After several conversations with people after our response to the Gillette video, Just Be Nice Project Founder - Josh steps up to discuss a way forward.
Yes, the video is longer than the recommended digestible length for social media, but maybe the discussion of masculinity, character and being good men needs more than 90 seconds of our time.
Rather than always speaking about what being a good man isn't, let's start a discussion about what we think a good man is.
Let's decide on what kinds of behaviour and character we are going to support and promote, and build a culture of strong, engaged, interested, caring, intelligent, open and understanding men.
What does it mean to be a man to you? What kind of men would you like to see? What does positive masculinity look like to you, in a future where we have communities of people that look out for one another, who open doors for one another, who lift each other up and ensure everyone feels safe and supported?
Moving forward requires looking forward, so let's set some aspirations to improve equality of opportunity for all, and help everyone be the best they can be.
While an ad from a razor company has caused a bit of a stir over the last few days, we ask, what is wrong with being the best a man can get?
Wherever possible we should look at opportunities for excellence as opportunities. Areas to improve as possibilities, not only criticisms. We should take responsibility not only for ourselves, but for those around us and help them be better.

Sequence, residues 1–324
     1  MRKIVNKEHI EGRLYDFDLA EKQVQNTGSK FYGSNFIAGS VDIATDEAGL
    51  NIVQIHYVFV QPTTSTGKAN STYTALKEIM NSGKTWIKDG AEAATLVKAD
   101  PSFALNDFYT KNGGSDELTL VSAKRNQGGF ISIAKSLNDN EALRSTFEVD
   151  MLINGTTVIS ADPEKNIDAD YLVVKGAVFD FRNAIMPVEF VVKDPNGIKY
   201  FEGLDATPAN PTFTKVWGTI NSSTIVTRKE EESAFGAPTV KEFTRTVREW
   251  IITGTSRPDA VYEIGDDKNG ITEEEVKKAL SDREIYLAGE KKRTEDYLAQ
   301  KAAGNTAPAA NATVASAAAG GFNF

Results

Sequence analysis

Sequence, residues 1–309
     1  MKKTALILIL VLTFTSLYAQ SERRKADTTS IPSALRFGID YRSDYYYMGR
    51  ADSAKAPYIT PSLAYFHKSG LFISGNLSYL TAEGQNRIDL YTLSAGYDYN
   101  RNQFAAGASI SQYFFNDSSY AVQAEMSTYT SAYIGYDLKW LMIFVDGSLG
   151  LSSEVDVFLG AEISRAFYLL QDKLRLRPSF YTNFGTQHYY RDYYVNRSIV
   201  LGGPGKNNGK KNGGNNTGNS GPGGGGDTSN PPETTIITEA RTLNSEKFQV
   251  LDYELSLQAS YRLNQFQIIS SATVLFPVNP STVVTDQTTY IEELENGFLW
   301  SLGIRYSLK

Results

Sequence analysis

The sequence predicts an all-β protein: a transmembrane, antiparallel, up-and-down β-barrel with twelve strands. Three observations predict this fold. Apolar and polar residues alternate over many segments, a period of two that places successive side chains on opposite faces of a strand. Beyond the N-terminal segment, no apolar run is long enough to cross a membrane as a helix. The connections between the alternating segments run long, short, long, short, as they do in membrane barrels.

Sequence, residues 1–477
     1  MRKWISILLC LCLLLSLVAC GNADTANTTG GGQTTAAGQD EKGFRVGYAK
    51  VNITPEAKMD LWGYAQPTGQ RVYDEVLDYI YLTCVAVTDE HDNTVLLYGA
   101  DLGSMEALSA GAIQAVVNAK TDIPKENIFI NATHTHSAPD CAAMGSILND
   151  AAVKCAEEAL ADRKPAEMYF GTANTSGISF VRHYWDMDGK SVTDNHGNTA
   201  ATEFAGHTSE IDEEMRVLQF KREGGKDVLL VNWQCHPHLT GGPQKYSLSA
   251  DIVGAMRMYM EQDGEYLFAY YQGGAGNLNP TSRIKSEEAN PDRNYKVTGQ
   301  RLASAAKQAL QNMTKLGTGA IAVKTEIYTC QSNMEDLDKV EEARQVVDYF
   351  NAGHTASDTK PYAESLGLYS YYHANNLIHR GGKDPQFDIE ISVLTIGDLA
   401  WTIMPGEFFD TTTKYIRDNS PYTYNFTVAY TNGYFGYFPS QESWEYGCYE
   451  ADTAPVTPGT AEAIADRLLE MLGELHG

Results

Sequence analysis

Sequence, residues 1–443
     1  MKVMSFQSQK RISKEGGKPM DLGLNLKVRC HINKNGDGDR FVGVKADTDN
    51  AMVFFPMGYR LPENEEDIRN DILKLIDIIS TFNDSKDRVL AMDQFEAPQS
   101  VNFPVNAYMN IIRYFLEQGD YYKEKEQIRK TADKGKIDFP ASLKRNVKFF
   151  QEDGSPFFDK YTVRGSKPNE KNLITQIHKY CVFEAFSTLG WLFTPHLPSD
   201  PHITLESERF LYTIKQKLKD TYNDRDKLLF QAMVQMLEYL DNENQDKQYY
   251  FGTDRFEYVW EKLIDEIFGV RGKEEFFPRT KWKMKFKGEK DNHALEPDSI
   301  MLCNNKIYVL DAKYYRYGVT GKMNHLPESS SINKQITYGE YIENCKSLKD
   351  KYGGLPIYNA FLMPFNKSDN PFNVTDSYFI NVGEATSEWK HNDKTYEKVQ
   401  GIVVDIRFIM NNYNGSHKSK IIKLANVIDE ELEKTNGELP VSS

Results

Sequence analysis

We should relish the chance to be better, and move towards that together, following those that do a good job and lending a helping hand and a truckload of understanding to those that need a hand.
If you are looking for ways to help educate yourselves, your workplaces, schools or communities on how to tackle these developmental and conversational hurdles, get in touch. We'd to have a chat about how working with the JBNProject helps improve equality of opportunity for all.
We aren't here to demonise for-profit or non-profit organisations. We are here to demonise waste.
We don't believe that good will is more important than good skill for people in need.
We believe that we can change the way that people help people, but we need your help, if you or your organisation are looking to have a more significant and relevant impact in the world, get in touch.
To talk about empowerment without talking about development is a pitfall that we are mindful of. There is no good pathway to diversity and inclusion until we relentlessly develop and maintain relevant development pathways for diverse communities. Without investment in developing these communities, we are only paying lip-service to the idea of a diverse and inclusive future.